Thankfully, the pro-labor conservative perspective has grown in the last few years. New York Magazine recently interviewed American Compass founder Oren Cass, aptly highlighting him as an exception to the sometimes-sketchy populists who do not pair rhetoric with real support for workers. In that interview, and in his fantastic book, Cass endorses sectoral bargaining through works councils and a more collaborative labor-employer relationship. While as a left-conservative I personally find some of Cass’ ideas inadequate, his advocacy is a boon to conservative realignment. Cass emphasizes that unionization leads to a healthier market economy, a fact borne out by evidence that strong unions reduce income inequality, increase wages, and boost access to paid family leave. Organized labor achieves ancillary social benefits that slot into a conservative framework.
Indeed, at American Compass, Brian Dijkema authored a stellar article arguing that “the trade union is a quintessentially Tocquevillian institution” which can bolster the family and working class while contributing to social solidarity. Rightly ordered, unions support a culture of democracy; in countries from Poland to Tunisia, trade unions were at the forefront of democratization efforts. Even in Australia, B.A. Santamaria spearheaded a largely Catholic trade union struggle to reclaim the labor movement from the Communist menace. The goals of a conservative pro-labor policy should be guided by this democratic spirit and a related desire to transcend class conflict such that “the conflict between the hostile classes [can] be abolished and harmonious cooperation of the Industries and Professions” can be promoted. (Quadragesimo Anno 81) To fight inequality and lessen division, the worker be “paid a wage sufficient to support him and his family” (71). Asserting the dignity of work is especially pressing in an economy where young people feel compelled to turn to the exploitation of Uber or OnlyFans.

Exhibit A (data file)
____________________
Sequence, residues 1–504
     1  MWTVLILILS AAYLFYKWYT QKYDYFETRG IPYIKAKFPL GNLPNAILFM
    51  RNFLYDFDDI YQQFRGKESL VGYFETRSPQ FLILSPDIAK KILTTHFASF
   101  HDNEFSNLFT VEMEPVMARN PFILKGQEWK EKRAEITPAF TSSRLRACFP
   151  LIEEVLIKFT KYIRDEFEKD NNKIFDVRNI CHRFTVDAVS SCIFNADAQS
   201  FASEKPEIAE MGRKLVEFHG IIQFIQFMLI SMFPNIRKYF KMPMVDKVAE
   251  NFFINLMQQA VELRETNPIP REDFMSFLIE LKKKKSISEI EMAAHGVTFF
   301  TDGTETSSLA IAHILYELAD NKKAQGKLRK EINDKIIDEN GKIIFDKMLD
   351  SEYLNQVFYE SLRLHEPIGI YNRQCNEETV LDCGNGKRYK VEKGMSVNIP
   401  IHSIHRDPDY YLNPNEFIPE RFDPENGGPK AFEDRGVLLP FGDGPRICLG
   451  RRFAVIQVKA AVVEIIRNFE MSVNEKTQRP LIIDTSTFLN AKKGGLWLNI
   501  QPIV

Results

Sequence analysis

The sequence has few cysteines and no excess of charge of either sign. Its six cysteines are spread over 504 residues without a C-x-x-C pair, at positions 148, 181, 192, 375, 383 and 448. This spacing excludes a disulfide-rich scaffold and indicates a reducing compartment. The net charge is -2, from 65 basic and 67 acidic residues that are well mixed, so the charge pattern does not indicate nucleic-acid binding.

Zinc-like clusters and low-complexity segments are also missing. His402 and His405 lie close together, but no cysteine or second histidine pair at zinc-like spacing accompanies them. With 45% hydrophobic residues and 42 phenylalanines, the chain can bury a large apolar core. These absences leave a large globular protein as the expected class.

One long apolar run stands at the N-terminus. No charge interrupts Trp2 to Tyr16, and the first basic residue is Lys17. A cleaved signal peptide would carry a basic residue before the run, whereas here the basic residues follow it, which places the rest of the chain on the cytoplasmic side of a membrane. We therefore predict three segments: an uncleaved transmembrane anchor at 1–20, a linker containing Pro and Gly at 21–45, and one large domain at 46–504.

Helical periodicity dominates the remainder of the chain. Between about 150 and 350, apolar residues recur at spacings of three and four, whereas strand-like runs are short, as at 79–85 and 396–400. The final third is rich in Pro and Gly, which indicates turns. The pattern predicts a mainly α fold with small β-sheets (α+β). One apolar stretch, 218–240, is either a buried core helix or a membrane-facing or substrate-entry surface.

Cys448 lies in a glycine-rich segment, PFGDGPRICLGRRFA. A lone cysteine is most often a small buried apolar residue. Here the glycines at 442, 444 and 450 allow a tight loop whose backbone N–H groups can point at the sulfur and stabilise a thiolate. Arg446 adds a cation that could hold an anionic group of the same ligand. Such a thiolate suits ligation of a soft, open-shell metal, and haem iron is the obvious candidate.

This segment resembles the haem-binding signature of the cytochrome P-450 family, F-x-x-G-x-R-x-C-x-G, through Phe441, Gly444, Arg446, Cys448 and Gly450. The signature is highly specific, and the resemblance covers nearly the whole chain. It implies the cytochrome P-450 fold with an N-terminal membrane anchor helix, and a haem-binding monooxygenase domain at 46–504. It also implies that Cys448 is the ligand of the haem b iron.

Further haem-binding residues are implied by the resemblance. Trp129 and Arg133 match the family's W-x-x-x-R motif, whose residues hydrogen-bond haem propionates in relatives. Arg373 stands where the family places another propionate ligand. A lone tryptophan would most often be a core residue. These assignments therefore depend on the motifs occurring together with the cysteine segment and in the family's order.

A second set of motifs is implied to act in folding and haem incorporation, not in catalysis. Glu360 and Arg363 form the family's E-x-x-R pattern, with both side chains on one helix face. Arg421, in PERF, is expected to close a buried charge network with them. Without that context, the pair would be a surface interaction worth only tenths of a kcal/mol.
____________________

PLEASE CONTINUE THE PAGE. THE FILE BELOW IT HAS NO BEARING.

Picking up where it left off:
Accordingly, for Rep. Smith, rejecting the unbound economic libertarianism is not about political expediency, considering his stances probably limited his career trajectory. Instead, Smith lives out an undying devotion to a common good, solidaristic economics. In a speech given during the Ministerial to Advance Religious Freedom, Smith linked his fights for the unborn, trafficking victims, and those “suffering the agonies of addiction and abuse, people with disabilities and still others facing famine and disease”. His consistent commitment to the vulnerable stems from his Catholic background, reflecting the Church’s Preferential Option for the Poor, which demands justice for the most vulnerable. Beyond the theological import of caring for the vulnerable (shared in other faiths, from Christianity to Judaism to Islam), pro-family policy requires modulating the conservative position towards free markets.
Main Street Approaches